A modest, windowless room tucked into the basement of Fairview Southdale Hospital in Edina houses the “customer contact center” that handles in-house emergency calls for the entire Fairview Health Services system.
The room’s operators sit in front of monitors staffed 24/7 that allow them to find doctors needed for emergency consultations, to direct medical teams to patients in distress and to consult directories to find out who’s on call at any particular moment.
All of the communications are done almost instantaneously.
“Every second counts,” said Amanda Souba, director of contact center operations for Fairview Health Services in Minneapolis. “The faster we can relay information to the right parties, the better job we’ll do.”
The software platforms designed for Fairview to help in its crisis communications were developed by the Eden Prairie division of a company that just renamed itself Spok (pronounced ‘‘spoke’’).
At Spok, the mantra is “it’s about second and minutes.” The goal is to whittle down response time in crisis situations, such as health care emergencies, said Brian Edds, vice president of product strategy.
For Spok’s clients, every bit of time shaved off communication with a medical professional or a first responder can mean the difference between life and death.
“Our team manages about 2 million calls a year,” said Fairview’s Souba. “Sometimes there are multiple emergencies at the same time. It can be stressful. What pops up on the screen is more than caller ID. It tells you where the call is coming from and what information is critical to relay for that particular emergency.”
Health care market
Spok’s strength is in the health care sector. More than 75 percent of its business is with hospital systems, including premier clients such as the Mayo Clinic and Cleveland Clinic.
“We’re very good at critical communications,” said Spok President Colin Balmforth. “We have a physicians advisory board and we do a lot of listening.”
The company also markets its technology to other fields ranging from law enforcement, to government agencies, to hotel security.
The Eden Prairie division of Spok, formerly known as Amcom Software, was acquired by Spok’s predecessor, USA Mobility, in 2011 for $163 million. The former Amcom unit has 110 employees now and is expected to grow to 120 workers by the end of the year.
The purchase of Amcom gave USA Mobility, a wireless provider, access to Amcom’s software products that help emergency call centers quickly send personnel to the scene of a crisis. Amcom also has software products that, for instance, allow 911 operators to direct an ambulance crew to a specific room on a specific floor of a specific building — not just the general address — when trauma occurs.
Messages can be delivered individually or in combination by pager, smartphone, tablet and other Wi-Fi-connected devices.
Since its purchase, the Amcom division has seen its revenues jump nearly 20 percent. It has also grown internationally with clients in the Middle East and Australia and new market opportunities in the United Kingdom.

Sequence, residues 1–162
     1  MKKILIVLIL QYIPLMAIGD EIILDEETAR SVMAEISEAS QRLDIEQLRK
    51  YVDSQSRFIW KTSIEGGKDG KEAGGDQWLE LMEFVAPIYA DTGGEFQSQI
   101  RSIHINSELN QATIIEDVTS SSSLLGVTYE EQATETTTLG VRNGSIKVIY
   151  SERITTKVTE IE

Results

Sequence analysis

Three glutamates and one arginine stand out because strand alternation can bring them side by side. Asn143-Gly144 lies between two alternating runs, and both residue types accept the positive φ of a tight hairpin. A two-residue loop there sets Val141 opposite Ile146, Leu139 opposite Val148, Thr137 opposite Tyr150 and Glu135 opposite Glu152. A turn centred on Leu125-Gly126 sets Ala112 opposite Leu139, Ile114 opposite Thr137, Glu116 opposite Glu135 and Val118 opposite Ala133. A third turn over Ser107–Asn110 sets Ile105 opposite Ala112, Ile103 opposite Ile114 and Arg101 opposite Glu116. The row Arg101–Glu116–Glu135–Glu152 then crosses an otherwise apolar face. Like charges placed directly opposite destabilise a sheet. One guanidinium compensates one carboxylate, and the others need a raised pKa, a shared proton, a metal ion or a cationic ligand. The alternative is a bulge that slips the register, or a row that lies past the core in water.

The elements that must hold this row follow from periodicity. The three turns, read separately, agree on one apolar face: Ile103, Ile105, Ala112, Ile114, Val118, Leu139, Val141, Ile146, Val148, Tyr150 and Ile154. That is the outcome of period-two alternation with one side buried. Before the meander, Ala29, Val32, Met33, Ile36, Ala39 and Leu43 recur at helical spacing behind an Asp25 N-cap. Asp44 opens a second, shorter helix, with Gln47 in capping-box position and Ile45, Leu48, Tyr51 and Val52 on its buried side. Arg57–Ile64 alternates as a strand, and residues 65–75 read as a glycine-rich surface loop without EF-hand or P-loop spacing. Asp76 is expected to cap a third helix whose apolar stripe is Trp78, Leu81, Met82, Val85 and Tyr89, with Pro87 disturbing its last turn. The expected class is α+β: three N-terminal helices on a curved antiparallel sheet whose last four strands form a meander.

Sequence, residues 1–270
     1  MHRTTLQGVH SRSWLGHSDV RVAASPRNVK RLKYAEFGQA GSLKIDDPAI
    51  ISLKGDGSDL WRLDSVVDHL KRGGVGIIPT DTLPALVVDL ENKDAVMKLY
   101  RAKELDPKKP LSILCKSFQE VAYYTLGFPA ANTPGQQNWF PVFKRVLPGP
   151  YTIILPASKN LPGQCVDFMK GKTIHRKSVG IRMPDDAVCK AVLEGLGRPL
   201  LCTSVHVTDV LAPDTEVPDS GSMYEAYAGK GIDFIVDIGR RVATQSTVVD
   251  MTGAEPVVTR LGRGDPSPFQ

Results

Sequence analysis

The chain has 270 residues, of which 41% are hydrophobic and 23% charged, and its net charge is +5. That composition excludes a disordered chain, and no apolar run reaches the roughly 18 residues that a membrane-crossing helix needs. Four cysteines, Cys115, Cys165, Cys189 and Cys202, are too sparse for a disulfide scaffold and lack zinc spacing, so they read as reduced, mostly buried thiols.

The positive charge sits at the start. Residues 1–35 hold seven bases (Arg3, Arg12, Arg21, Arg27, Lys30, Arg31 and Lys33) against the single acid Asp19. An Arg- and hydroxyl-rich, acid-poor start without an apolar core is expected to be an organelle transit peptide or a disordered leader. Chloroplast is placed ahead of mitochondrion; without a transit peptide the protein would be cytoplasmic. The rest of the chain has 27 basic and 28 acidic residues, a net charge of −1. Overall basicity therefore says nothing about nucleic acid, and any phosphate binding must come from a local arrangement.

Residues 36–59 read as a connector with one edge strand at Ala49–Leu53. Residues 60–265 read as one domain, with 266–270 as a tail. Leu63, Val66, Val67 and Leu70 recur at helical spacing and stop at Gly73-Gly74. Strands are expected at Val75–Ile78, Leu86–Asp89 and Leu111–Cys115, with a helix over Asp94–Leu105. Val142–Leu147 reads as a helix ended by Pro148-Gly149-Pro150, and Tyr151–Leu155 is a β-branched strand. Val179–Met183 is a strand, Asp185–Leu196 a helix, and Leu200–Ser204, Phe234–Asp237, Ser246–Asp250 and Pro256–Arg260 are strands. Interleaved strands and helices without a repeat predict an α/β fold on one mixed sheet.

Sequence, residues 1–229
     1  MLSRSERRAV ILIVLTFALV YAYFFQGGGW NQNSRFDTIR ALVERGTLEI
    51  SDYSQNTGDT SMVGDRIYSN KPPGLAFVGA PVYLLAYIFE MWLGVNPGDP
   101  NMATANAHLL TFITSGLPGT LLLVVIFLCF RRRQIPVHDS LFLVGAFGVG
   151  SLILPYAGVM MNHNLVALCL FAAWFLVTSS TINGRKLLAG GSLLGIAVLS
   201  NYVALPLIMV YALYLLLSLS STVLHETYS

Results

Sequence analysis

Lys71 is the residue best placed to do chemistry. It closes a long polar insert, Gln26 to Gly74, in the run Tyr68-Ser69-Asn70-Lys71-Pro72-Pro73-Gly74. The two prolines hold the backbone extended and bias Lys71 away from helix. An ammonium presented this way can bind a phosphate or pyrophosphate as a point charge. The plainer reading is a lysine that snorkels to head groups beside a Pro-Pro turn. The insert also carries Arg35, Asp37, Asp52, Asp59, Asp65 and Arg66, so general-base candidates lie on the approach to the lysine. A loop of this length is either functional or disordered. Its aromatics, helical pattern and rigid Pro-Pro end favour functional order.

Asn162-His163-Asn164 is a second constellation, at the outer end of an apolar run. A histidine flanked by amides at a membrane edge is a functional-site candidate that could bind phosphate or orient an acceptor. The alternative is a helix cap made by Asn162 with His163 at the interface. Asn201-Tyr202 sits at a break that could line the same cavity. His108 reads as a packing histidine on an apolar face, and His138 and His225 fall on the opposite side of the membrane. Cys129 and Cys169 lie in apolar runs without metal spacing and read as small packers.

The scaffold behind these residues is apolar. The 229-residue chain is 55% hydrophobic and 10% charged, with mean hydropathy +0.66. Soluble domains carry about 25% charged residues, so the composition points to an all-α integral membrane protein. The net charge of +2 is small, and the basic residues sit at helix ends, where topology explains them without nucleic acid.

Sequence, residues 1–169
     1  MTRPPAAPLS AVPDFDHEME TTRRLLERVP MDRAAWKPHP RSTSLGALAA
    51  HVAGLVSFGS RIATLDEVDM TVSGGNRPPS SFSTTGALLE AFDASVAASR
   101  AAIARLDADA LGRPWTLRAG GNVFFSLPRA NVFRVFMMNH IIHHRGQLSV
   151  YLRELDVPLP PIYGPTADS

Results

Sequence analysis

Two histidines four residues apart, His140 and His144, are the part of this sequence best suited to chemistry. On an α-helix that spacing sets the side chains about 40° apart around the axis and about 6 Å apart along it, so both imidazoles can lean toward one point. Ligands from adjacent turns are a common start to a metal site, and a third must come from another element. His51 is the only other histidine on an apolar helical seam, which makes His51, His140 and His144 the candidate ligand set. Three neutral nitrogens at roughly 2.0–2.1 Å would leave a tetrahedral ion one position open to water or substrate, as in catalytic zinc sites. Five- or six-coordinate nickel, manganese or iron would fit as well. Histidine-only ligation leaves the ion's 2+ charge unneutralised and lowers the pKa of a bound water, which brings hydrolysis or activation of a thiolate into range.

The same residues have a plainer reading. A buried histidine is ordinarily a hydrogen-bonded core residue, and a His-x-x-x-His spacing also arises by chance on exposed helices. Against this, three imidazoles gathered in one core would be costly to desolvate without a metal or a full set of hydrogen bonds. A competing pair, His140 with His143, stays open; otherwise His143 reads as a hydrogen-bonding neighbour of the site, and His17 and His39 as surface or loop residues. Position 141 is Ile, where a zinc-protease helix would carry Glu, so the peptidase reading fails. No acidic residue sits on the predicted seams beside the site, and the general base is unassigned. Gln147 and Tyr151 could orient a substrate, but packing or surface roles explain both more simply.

Earlier this month USA Mobility and Amcom changed their name to Spok.
“We wanted something fresh,” said Balmforth, former president of Amcom, who will continue to operate out of Amcom’s Eden Prairie offices. “We wanted to get everyone unified and on the same page. We chose not to use the existing brand so we dropped the USA and Amcom.”
Spok is the brainchild of Minneapolis marketing and advertising agency Gabriel deGrood Bendt, which was retained a year ago to develop the new corporate identity.
“Spok, in respect to a wheel, is a very integral part of the greater whole,” Balmforth said. “It’s about speed, mobility, reliability and strength.”
At first glance, Spok appears to be a company facing economic challenges. It reported 2013 revenue of $209.8 million, down 4.5 percent from $219.7 million in 2012. Company-provided guidance for 2014 places revenue in the range of $183 million to $201 million for the year.
However, growth is strong on the software side. Revenue from software sales, separate from wireless sales, rose from $51.3 million to $60.3 million from 2012 to 2013 and is projected to be as high as $66 million for the current year.
Looking for acquisitions
Despite the weakness in wireless revenue, the company remains profitable, debt-free and cash-positive. Its stock price has risen nearly 28 percent since Amcom was acquired in 2011.
The only securities analyst who follows Spok, Andrew Zamfotis of EVA Dimensions, has a “buy” recommendation on the stock. He did not respond to e-mails. But Spok has some marquee investors. BlackRock, the big asset manager, holds a 14 percent stake and is Spok’s largest investor.
With $91.1 million in the bank, Balmforth said, Spok is looking for acquisitions.
“We’re looking for an organization that can move the dial for us,” Balmforth said in an interview last week. “We’d love to get something yet this year, but it’s a slow process.”
With the nation’s top large hospital systems among its clients, Spok likely will seek business from smaller hospitals by offering cloud technology.
“We’re in a wonderful position with our marquee brands,” said Balmforth. “We’d like to now penetrate the midsize and small hospital markets that don’t have the IT infrastructure by offering cloud-based solutions that can be purchased out of their operating budget instead of the capital budget.”